The Press Newspaper
Dear EarthTalk: What are “eco-villages?” I’ve heard of one in New York near Ithaca and another one called Arcosanti being built in Arizona. -- Jim Killian, Brookline, MA
The defining characteristics of an eco-village, according to Robert Gilman’s seminal 1991 article, “The Eco-Village Challenge,” include “human-scale, healthy and sustainable development, full-featured settlement, and the harmless integration of human activities into the natural world.” Gilman also said that eco-villages should limit their populations to 150 individuals, which is the maximum size for any working social network according to the teachings of sociology and anthropology.
While the term eco-village did not come into common usage until the 1990s, the concept may in fact be older. Arcosanti, a self-described “experimental town” in the high desert of Arizona, 70 miles north of Phoenix, has been under construction since 1970 and eventually will be the home of some 5,000 forward-thinking residents. In keeping with the concept of clustered development so as to maximize open space and the efficient use of resources, the large, compact structures and large-scale solar greenhouses of Arcosanti occupy a small footprint—only 25 acres—within the community’s 4,000-acre “land preserve.”
Italian architect Paolo Soleri designed Arcosanti according to his concept of “arcology” (architecture + ecology), whereby, in his words, “the built and the living interact as organs would in a highly evolved being.” Underpinning the concept is that “many systems work together, with efficient circulation of people and resources, multi-use buildings, and solar orientation for lighting, heating and cooling.”
Those interested in learning more can attend a four-week workshop at Arcosanti to study building techniques and arcological philosophy, while getting a chance to contribute to the city’s ongoing construction. To date, some 5,000 participants have all had a hand in the construction of Arcosanti.
Some other “intentional communities” designed with sustainability in mind around North America include Cobb Hill in Vermont, Vegan in Hawaii, Dancing Rabbit in Missouri, Maitreya in Oregon, Dreamtime in Wisconsin, Paz in Texas, Earthaven in North Carolina, Prairie’s Edge in Manitoba and Kakwa in British Columbia. For information on these and other eco-villages, the Ecovillage Network of the Americas as well as the Global Ecovillage Network offer extensive resources for free online.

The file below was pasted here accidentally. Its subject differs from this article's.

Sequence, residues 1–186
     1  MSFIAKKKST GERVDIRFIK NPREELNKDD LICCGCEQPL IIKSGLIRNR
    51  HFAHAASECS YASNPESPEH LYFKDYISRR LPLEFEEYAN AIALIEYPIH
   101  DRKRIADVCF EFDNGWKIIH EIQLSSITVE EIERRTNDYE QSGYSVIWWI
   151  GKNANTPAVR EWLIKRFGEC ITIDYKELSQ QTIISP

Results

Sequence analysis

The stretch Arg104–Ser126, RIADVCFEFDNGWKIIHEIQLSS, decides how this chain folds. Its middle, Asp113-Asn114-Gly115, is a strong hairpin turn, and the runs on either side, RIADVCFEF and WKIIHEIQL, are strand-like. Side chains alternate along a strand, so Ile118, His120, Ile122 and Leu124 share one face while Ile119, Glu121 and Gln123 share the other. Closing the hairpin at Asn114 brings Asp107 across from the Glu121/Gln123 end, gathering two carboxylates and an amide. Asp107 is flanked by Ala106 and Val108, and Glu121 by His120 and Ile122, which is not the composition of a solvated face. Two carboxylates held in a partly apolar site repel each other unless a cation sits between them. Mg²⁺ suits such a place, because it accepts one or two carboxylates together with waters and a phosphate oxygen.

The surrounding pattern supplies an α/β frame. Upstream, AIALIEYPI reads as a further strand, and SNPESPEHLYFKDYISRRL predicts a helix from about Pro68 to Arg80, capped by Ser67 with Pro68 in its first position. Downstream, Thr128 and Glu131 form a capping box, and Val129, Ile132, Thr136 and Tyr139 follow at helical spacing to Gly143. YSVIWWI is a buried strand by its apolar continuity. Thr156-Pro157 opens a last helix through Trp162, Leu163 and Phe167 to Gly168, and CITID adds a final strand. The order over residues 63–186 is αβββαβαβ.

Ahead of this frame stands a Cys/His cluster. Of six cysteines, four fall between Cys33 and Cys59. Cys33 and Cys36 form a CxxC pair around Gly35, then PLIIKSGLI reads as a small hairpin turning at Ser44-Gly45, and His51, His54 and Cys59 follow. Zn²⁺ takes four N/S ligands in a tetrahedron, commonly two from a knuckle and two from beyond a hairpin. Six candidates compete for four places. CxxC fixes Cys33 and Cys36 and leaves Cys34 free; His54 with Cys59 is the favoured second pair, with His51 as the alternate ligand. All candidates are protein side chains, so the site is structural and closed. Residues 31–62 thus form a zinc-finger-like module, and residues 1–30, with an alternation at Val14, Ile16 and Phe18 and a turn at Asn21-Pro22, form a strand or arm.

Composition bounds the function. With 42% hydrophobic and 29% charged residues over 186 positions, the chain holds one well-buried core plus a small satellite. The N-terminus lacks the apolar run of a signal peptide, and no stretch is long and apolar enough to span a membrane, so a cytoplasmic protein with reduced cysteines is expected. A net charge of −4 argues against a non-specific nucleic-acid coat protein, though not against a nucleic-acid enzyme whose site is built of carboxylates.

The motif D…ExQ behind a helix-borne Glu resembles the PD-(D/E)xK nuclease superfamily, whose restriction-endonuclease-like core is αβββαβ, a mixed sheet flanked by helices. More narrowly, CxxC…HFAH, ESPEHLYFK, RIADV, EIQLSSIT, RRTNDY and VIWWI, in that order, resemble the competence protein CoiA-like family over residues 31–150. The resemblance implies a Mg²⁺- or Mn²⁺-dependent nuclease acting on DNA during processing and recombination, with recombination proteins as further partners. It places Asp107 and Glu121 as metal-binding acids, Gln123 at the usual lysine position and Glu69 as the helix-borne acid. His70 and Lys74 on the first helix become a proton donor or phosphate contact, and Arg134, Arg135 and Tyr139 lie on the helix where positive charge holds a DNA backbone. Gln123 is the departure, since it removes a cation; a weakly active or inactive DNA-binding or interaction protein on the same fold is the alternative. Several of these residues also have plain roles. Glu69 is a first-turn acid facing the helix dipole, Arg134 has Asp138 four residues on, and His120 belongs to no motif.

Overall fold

CONTACTS: EcoVillage at Ithaca, www.ecovillage.ithaca.ny.us; Robert Gilman’s “The Eco-Village Challenge,” www.context.org/ICLIB/IC29/Gilman1.htm; Arcosanti, www.arcosanti.org; Ecovillage Network of the Americas, ena.ecovillage.org; Global Ecovillage Network, gen.ecovillage.org.
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The simple answer is that driving in a relatively fuel efficient car (25-30 miles per gallon) usually generates fewer greenhouse gas emissions than flying. In assessing the global warming impact of a trip from Philadelphia to Boston (about 300 miles), the environmental news website Grist.org calculates that driving would generate about 104 kilograms of carbon dioxide (CO2)—the leading greenhouse gas—per typical medium-sized car, regardless of the number of passengers, while flying on a commercial jet would produce some 184 kilograms of CO2 per passenger.
What this also means, of course, is that while even driving alone would be slightly better from the standpoint of greenhouse gas emissions, carpooling really makes environmental sense. Four people sharing a car would collectively be responsible for emitting only 104 kilograms of CO2, while the same four people taking up four seats on a plane would generate some 736 kilograms.
Journalist Pablo Päster of Salon.com extends the comparison further to a cross country trip, and comes to similar conclusions. (Differences in the math are attributable to the use of slightly varying assumptions regarding fuel usage and source equations.) Flying from San Francisco to Boston, for example, would generate some 1,300 kilograms of greenhouse gases per passenger each way, while driving would account for only 930 kilograms per vehicle. So again sharing the drive with one or more people would lower each individual’s carbon footprint from the experience accordingly.
But just because driving might be greener than flying doesn’t mean it always makes the most sense. With current high gas prices, it would cost far more in fuel to drive clear across the United States in a car than to fly non-stop coast-to-coast. And that’s not even factoring in the time spent on restaurants and hotels along the way. Those interested in figuring out driving fuel costs can consult AAA’s nifty online Fuel Cost Calculator, where you can enter your starting city and destination as well as the year, make and model of your car to get an accurate estimate of what filling ‘er up will cost between points A and B.
Once you’ve made your decision whether to drive or fly, consider purchasing carbon offsets to balance out the emissions you are generating with cash for renewable energy development. TerraPass, among others, makes it easy to calculate your carbon footprint based on how much you drive and fly (as well as home energy consumption), and then will sell you offsets accordingly. (Monies generated through carbon offsets fund alternative energy and other projects, such as wind farms, that will ultimately take a bite out of or eliminate greenhouse gas emissions).
Of course, an individual’s emissions from riding a bus (the ultimate carpool) or a train (many of which rely solely on electric power generated by their own motion) would be significantly lower. Paster adds that a cross-country train trip would generate about half the greenhouse gas emissions of driving a car. The only way to travel greener might be to bicycle or walk—but the trip is long enough as it is.
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